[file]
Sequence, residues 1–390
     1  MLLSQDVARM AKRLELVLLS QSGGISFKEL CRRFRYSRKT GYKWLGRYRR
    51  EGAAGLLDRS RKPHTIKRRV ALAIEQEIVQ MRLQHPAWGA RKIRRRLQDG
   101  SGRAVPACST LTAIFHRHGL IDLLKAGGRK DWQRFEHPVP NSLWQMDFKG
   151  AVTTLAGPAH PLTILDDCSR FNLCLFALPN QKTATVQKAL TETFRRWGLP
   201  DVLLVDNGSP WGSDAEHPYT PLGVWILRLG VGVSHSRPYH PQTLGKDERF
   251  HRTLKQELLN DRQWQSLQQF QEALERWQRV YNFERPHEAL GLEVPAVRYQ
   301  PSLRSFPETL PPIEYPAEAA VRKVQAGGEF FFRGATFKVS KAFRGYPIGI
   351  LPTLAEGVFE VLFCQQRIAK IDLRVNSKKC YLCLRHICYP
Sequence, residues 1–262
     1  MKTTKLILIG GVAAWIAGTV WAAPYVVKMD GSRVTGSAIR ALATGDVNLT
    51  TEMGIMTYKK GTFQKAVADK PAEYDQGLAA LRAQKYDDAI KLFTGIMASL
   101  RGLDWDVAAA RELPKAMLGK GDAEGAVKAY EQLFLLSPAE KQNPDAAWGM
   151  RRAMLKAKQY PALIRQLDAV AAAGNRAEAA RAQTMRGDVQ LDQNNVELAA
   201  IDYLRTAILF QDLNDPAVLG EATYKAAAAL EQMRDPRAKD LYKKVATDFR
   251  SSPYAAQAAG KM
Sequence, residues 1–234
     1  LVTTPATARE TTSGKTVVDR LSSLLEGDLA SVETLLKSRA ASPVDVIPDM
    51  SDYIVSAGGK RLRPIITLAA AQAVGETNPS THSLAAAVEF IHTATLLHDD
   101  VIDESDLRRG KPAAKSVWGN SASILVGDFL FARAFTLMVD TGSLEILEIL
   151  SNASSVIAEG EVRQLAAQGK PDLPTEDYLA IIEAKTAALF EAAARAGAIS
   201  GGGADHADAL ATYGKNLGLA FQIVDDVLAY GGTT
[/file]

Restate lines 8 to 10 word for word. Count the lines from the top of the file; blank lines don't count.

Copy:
   301  PSLRSFPETL PPIEYPAEAA VRKVQAGGEF FFRGATFKVS KAFRGYPIGI
   351  LPTLAEGVFE VLFCQQRIAK IDLRVNSKKC YLCLRHICYP
Sequence, residues 1–262